- You can now grasp the rear quarter trim panel and remove it from the body of the vehicle. There are three panel clips that will unsnap from body when you remove. If you break any of the clips (which is completely normal), re-order by clicking this link: BMW door panel clips.
- Disconnect the speaker electrical connector.
Disconnect the alarm module electrical connector.
Rear passenger window regulator removal
- Remove the three T30 torx bolts anchoring the window support to the body of the car. Move the window support to the side out of the way.
- Remove the two T30 bolts anchoring the top of the window regulator to the body of the vehicle.
- Remove the 13mm bolt anchoring the bottom of the window regulator to the body.
- Carefully remove the window and the regulator from the body of the car, pulling the wiring harness loose as you go along.
- Unplug the electronic connector from window motor.
- Carefully place window/regulator unit on a flat workbench.
- Use a T30 torx to remove the two upper window mounting bolts (they connect the window to regulator).
- Use a 12mm socket to remove the lower window mounting bolt.
- Carefully separate the window from the regulator.
- Install window into new regulator. Only loosely tighten window mounting bolts…we will need to adjust the window before final tightening.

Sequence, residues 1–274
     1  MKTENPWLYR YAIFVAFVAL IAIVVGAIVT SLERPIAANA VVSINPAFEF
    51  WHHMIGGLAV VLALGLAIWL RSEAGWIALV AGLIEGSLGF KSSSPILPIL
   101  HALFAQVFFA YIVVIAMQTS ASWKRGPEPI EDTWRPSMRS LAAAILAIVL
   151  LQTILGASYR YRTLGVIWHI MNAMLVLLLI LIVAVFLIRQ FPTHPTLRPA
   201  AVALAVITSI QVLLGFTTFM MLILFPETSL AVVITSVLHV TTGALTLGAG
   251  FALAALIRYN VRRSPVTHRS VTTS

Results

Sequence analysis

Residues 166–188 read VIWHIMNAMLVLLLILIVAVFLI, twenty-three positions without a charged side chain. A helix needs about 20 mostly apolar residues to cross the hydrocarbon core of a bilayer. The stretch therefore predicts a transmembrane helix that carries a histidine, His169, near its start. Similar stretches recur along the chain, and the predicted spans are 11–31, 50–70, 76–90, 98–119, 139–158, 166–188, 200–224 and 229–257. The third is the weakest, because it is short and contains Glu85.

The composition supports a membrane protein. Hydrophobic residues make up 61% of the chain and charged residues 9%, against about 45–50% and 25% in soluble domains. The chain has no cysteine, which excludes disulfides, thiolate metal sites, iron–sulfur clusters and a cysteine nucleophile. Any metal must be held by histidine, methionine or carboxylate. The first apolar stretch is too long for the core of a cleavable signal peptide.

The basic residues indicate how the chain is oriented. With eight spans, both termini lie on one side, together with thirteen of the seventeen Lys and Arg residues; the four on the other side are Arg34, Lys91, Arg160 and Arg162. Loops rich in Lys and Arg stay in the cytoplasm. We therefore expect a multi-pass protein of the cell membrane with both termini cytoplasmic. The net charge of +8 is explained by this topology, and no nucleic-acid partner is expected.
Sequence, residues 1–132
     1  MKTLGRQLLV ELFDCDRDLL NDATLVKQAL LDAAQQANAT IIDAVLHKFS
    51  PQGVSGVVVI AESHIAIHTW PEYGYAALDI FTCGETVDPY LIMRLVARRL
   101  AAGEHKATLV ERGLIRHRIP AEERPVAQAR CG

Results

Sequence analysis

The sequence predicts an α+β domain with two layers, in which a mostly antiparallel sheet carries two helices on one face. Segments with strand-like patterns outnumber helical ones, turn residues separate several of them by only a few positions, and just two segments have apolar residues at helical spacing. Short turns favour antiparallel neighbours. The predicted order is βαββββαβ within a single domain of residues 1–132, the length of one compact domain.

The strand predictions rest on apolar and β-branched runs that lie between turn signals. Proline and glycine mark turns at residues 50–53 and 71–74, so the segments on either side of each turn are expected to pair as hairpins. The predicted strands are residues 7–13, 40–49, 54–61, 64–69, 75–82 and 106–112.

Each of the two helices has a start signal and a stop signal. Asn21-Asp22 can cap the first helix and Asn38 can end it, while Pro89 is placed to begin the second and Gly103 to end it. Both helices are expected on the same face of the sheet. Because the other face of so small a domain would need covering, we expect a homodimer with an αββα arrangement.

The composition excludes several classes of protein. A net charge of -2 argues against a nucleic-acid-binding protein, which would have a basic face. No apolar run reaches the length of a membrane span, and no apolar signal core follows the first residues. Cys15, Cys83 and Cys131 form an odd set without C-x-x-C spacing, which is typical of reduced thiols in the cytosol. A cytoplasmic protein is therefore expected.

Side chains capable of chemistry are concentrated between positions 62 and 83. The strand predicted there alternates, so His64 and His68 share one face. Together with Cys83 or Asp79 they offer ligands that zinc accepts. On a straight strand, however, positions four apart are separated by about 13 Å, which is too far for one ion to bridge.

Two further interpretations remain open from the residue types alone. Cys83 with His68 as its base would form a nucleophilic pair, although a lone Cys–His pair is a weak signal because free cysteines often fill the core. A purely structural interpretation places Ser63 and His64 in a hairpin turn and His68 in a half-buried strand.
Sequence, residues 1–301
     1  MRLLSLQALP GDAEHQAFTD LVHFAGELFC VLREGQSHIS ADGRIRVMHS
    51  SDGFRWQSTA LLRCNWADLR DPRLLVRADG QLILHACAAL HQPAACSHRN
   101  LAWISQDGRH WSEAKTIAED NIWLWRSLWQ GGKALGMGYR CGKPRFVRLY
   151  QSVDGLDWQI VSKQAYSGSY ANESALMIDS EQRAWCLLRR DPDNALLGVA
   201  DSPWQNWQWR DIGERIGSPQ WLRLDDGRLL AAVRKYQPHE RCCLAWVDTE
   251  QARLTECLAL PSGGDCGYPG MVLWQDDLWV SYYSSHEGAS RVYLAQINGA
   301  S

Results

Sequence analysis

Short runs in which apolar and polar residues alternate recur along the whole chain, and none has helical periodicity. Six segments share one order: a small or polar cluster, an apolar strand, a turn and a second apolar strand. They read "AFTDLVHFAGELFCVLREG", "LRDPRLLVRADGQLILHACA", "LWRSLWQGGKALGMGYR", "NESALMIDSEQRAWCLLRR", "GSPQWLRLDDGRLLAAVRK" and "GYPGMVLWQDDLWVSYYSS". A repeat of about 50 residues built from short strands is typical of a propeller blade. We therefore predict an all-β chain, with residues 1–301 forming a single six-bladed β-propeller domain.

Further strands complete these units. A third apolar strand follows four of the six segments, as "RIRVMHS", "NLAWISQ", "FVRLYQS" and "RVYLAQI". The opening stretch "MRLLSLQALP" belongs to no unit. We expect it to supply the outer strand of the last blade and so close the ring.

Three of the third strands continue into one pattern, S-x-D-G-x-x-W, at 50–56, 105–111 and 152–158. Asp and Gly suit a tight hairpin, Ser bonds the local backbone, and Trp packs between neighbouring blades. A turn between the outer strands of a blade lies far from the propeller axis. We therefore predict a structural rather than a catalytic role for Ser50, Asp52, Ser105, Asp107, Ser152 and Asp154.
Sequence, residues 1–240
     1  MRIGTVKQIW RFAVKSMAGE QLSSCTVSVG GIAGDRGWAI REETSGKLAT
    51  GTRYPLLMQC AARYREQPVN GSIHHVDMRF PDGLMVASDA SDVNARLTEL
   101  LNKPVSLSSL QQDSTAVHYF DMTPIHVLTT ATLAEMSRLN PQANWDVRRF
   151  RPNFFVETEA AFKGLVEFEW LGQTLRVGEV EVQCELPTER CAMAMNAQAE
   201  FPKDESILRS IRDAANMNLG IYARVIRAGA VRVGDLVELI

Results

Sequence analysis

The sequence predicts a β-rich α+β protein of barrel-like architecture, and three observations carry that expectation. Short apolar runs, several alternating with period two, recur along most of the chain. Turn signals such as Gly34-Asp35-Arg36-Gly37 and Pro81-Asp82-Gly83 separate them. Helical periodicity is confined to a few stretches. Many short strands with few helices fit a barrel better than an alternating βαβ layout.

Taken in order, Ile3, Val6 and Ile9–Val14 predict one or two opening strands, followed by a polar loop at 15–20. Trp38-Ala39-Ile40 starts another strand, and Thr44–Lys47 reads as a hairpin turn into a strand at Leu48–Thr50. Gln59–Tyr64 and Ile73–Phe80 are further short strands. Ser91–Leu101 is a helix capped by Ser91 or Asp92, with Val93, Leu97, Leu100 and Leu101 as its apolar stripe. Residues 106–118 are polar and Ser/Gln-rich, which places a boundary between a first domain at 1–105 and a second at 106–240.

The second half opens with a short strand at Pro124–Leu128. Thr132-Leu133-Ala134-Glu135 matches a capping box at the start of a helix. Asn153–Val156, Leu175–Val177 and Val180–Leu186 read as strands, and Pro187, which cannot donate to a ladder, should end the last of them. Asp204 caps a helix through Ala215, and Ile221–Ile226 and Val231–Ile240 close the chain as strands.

- Install window and regulator back into vehicle (don’t forget to reinstall window motor electrical connector!) and reinstall all of the regulator mounting bolts. Reinstall the top support. ***Make sure the top support is firmly pushed up against window glass while tightening its mounting bolts. This is very important so as to insure water does not penetrate into the body of the vehicle.
- Next we must align the rear passenger window with the front passenger window. It sounds more complicated than it is…it’s actually quite simple and will make sure your installation is water tight and professionally done. Start by raising the front passenger window. Move the rear passenger window (this is why we left the mounting bolts loose in step 10) so it fits snugly against front passenger window and is even in height.
- When you are satisfied the front and rear windows fit correctly, tighten the rear window mounting bolts using the access holes in the body of the car.
- Test window to make sure it travels up and down smoothly BEFORE reinstalling rear quarter trim panel.
- Reassemble vehicle following steps above in reverse.
Tips for reassembly
When reinstalling the rear quarter trim panel, separate the top panel from the lower panel first (see image below). The reason you want to separate the trim panels is so you can see the plastic clips on the lower panel and guide them into the their holes.
If you have any questions or comments, please feel free to contact us. And congratulations for Doing It Yourself!
The Repair Difficulty Level displays graphically how challenging the repair is, from easy to advanced. Easy repairs usually require very few tools, have short repair times and do not require jacking and supporting the vehicle. As the difficulty level rises, expect the repair to demand more time, specialized tools, and better understanding of mechanics to complete the job.